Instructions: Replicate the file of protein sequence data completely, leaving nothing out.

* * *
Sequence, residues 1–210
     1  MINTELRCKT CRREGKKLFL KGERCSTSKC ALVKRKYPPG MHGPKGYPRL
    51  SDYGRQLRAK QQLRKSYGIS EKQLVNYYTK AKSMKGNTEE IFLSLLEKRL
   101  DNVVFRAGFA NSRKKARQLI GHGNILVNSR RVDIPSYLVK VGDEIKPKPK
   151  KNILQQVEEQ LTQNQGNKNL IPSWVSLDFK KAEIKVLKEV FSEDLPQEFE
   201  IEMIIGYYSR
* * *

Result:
Sequence, residues 1–210
     1  MINTELRCKT CRREGKKLFL KGERCSTSKC ALVKRKYPPG MHGPKGYPRL
    51  SDYGRQLRAK QQLRKSYGIS EKQLVNYYTK AKSMKGNTEE IFLSLLEKRL
   101  DNVVFRAGFA NSRKKARQLI GHGNILVNSR RVDIPSYLVK VGDEIKPKPK
   151  KNILQQVEEQ LTQNQGNKNL IPSWVSLDFK KAEIKVLKEV FSEDLPQEFE
   201  IEMIIGYYSR